What’s a man of 42, yes 42, all though not young in age, young at heart, and so grateful for my Erasmus+ peregrination, doing on a youth project and what has he gained, I hear you thinking, I´ ll explain, well try to.
I am Martin Harrison a 42 year old man (that will be the last time a mention my age) from Stoke-on-Trent, a city in the middle of England between Manchester and Birmingham and famous for the ceramics industry (making plates) and where Robbie Williams grew up. I work for the Soil Association, an organic growing charity, where I manage a healthy eating project in schools. My two passions are football and the natural environment, with both always coming to the fore on the courses I have attended.
I first heard and got involved in Erasmus + projects back in September 2013, while I was working as a community officer for The Wildlife Trust, a course at the Asha Centre in Gloucester, ‘Education for Sustainable Development’. It was an amazing first experience on what was then the Youth in Action programme, and my first course residential course since graduating from formal education in 2008. The other participants were mainly British, we looked at the sustainability of the natural environment, different types of communities, including a young family living in the woodlands on land that was common land. Aswell as learning new ideas, from the trainers and other participants, it was a great social and emotional experience, spending virtually every minute of 5 days with people I had never met before. We all bonded, laughed, joked, learnt and even cried together. This course gave me an appetite for more!
Over the next year I applied for a few courses, that were of interest to me and that I felt I could contribute too, but also had to fit in with my own life and work. I was luckily enough to gain a place on ‘Active Youth for Active Europe’ in Kopaniec, Poland, an amazingly beautiful part of the country, where we stopped was in a very remote area sleeping in wooden chalets. The participants were from all across European, again we became a community, learning about each other, each other’scountries, culture and traditions. My journey started at Manchester airport, the first time I had flown alone, which was an experience too, as I don’t overly like flying either. Another great week, making some new friends, from Lithuania and Italy amongst others, who I am still in touch with today.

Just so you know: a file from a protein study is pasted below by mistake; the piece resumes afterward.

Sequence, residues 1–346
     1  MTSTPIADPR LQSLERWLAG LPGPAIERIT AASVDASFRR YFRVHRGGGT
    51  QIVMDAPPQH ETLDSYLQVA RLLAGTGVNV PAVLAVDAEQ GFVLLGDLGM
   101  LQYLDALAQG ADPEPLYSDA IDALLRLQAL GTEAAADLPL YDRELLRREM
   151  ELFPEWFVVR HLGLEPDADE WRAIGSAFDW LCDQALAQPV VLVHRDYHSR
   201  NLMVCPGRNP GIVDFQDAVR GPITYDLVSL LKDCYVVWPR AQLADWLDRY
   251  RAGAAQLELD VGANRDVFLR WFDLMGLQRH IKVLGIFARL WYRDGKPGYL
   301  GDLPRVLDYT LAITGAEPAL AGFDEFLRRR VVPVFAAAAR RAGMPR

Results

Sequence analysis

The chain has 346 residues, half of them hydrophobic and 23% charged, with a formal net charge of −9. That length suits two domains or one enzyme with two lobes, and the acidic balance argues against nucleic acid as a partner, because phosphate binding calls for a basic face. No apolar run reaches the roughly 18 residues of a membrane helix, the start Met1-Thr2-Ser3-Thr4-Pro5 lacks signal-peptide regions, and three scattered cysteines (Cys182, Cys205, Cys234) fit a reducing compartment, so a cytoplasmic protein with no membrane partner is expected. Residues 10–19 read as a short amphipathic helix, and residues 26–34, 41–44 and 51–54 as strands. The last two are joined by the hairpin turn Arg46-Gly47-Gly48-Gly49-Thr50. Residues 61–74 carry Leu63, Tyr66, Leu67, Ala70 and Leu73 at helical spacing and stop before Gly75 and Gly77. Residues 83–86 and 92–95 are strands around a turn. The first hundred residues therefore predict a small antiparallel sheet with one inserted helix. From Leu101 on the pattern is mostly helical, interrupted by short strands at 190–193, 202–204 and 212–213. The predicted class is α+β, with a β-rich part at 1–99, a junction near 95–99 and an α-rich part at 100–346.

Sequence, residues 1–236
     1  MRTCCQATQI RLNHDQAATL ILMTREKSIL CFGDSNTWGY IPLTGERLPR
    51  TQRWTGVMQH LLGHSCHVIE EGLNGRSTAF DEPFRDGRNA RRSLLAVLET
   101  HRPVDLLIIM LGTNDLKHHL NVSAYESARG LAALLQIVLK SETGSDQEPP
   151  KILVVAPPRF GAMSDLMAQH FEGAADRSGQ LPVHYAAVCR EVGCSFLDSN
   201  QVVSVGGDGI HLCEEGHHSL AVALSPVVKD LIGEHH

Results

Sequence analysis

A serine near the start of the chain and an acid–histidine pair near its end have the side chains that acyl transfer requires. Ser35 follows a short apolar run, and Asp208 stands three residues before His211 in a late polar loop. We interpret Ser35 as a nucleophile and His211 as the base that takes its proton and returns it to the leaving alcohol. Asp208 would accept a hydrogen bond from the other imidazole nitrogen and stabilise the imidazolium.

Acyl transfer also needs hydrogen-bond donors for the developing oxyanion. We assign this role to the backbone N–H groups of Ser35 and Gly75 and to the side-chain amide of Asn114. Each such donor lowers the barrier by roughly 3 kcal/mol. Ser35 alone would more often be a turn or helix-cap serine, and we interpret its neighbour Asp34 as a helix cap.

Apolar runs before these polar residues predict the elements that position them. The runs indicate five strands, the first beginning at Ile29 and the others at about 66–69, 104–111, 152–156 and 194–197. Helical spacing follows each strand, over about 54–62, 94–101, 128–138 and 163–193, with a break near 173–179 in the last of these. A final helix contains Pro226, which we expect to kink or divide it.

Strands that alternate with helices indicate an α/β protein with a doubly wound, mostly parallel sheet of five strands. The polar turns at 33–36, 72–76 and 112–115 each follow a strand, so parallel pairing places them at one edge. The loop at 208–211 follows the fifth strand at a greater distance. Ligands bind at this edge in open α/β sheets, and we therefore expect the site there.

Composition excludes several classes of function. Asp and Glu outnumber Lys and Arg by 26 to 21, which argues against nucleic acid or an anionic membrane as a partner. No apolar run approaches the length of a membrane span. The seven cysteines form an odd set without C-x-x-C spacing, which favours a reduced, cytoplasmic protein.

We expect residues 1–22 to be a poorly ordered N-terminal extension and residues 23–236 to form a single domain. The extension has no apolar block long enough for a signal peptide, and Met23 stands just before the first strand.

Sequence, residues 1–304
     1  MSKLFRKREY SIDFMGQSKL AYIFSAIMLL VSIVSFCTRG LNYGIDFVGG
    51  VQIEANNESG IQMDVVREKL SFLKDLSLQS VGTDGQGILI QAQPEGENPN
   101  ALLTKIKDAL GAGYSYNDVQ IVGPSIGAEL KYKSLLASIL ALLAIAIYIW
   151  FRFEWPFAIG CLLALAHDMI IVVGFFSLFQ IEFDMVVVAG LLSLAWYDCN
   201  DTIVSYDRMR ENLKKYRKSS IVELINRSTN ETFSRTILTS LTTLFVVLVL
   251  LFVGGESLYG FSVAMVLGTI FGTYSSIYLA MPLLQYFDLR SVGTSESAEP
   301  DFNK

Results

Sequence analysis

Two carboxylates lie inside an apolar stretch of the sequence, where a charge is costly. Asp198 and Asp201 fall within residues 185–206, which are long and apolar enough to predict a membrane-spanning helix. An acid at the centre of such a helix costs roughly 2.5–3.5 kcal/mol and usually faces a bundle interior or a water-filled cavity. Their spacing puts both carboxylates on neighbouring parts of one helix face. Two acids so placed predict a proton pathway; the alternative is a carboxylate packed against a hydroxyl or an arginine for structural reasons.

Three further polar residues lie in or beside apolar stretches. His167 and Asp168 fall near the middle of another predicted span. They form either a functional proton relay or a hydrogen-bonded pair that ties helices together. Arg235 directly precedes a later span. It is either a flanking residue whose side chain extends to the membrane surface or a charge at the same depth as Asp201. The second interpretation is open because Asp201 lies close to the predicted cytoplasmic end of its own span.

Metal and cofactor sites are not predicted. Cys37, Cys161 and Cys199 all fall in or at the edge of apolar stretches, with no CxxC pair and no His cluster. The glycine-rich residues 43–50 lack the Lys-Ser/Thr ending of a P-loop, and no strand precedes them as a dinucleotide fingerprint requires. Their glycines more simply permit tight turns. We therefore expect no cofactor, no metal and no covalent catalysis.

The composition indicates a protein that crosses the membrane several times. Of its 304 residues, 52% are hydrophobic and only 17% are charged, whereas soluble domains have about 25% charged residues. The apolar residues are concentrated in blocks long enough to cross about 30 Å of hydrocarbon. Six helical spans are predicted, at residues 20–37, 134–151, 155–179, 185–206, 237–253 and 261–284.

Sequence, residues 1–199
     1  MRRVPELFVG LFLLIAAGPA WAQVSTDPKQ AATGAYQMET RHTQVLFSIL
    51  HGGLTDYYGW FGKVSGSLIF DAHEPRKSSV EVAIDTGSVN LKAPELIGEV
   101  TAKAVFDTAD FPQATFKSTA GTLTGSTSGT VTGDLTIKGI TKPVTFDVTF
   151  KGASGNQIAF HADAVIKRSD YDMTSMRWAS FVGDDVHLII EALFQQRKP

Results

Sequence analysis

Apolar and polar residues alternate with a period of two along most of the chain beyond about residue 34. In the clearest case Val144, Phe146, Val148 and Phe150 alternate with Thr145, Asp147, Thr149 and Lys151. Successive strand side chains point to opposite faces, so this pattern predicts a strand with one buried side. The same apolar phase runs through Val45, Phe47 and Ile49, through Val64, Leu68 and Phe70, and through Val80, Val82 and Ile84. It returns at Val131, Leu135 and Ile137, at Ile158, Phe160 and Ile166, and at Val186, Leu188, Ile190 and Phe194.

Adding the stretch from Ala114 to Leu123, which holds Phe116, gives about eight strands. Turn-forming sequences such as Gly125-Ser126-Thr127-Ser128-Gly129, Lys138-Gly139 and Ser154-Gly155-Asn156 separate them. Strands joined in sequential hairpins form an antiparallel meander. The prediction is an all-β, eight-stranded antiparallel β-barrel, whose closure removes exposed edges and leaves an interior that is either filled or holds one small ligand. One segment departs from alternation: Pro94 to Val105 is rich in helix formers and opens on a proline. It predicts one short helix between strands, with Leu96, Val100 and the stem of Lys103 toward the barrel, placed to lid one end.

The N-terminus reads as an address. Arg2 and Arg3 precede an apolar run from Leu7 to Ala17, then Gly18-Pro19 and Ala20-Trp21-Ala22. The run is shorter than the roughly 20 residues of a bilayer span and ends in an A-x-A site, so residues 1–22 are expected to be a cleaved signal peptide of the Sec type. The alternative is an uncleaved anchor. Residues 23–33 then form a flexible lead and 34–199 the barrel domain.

Since the course in Kopaniec in September 2014 I have attended two more courses. May 2015 was a course in La Rochelle, France, looking at the informal learning environment. Again a beautiful coastal location, a very ‘interesting’ flight to the smallest airport I have seen. One thing I have not mentioned yet is the evening time or social/free time we had. Which I feel is of paramount importance to be able to communicate and work with new people. In La Rochelle, we played card games, which I am awful at, but I am very competitive, so be warned if you are on a course with me. Also tried to learn how to play the ukulele, I have since bought one too, and had a great meal at a fantastic sea food restaurant. A theme throughout my Erasmus+ life is making new and what I hope are lifelong friends, so from France I have friends from Serbia and France, who I stay in contact with.
My final course was a real different experience with many highs and a few lows. Glencree in southern Ireland, in the Wicklow Mountains about 40 minutes from Dublin. The Threshold, was looking at thresholds in our life, linked we the natural environment. From hiking, to a 40 minute dance/whirling experience, to making and sitting in a sauna in the woods, to spending a night alone outside which was preceded by a 24 hour fast. It was a life changing week, giving me confidence and accepting who I am, plus making what I know are friends for life. Shane from Ireland and Lily from Hungary have already visited me in Stoke-on-Trent and we are all meeting up in Ireland next month.
My next course is in Slanic Moldova, Romania in May, looking at non formal education and the environment, I can’t wait!